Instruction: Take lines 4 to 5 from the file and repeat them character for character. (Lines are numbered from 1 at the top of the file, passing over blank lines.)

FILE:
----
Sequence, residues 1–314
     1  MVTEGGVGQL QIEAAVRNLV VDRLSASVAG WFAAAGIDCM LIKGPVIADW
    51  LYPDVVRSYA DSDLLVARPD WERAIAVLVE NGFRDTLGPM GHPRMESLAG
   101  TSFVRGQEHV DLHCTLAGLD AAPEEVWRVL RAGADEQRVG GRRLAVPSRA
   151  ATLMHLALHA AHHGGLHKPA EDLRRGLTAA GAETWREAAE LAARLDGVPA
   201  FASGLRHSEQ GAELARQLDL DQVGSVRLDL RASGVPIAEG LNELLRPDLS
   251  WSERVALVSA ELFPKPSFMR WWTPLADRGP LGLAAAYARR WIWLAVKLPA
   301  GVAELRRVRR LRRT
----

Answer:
   101  TSFVRGQEHV DLHCTLAGLD AAPEEVWRVL RAGADEQRVG GRRLAVPSRA
   151  ATLMHLALHA AHHGGLHKPA EDLRRGLTAA GAETWREAAE LAARLDGVPA